The UK competition watchdog has come out against a planned £10.5bn takeover of the O2 mobile network by rival Three, warning that any such deal should be forestalled or granted only in tandem with heavy restrictions on its ability to operate by EU regulators.
Driven by ‘serious concerns’ about the potential impact on UK consumers the Competition and Markets Authority has called on the European Commission to intervene so as to intervene to prevent the number of big mobile networks operating in the country being reduced to three.
The CMA’s stance was detailed in a letter sent to the European Commission outlining its case but a final decision rests with the Europe-wide body, which must make its deliberations by 19 May.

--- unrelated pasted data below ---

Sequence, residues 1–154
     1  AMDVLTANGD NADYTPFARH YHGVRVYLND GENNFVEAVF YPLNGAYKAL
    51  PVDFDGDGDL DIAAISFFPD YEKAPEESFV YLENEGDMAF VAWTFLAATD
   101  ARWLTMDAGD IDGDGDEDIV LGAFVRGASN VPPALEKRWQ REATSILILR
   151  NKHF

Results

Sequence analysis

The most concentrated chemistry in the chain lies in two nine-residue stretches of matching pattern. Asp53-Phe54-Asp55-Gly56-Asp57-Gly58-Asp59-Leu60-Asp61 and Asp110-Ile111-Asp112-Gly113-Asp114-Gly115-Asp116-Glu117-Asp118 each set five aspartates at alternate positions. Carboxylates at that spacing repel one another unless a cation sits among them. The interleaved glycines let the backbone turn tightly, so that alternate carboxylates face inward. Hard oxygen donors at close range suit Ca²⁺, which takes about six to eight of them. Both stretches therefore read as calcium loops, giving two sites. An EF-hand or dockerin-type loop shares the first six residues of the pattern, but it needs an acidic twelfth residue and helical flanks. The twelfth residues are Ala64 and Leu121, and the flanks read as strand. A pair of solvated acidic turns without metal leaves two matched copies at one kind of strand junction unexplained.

Three owner CK Hutchison said: “It is no surprise that CMA opposes the merger. It always has, and so has Ofcom. But it is for the Commission to assess any competition concerns, on the basis of the facts and proposed remedies."
In the deals defence Hutchison said that it would allow Sky, Virgin, Tesco and UK Broadband to the combined entity’s share of the UK broadcast spectrum to sell their own mobile packages.
The decision has become politically charged amidst the ongoing build up to the 23 June vote on Britain’s membership of the European Union, with campaigners for an exit claiming that the decision ought to be taken by the CMA or Ofcom.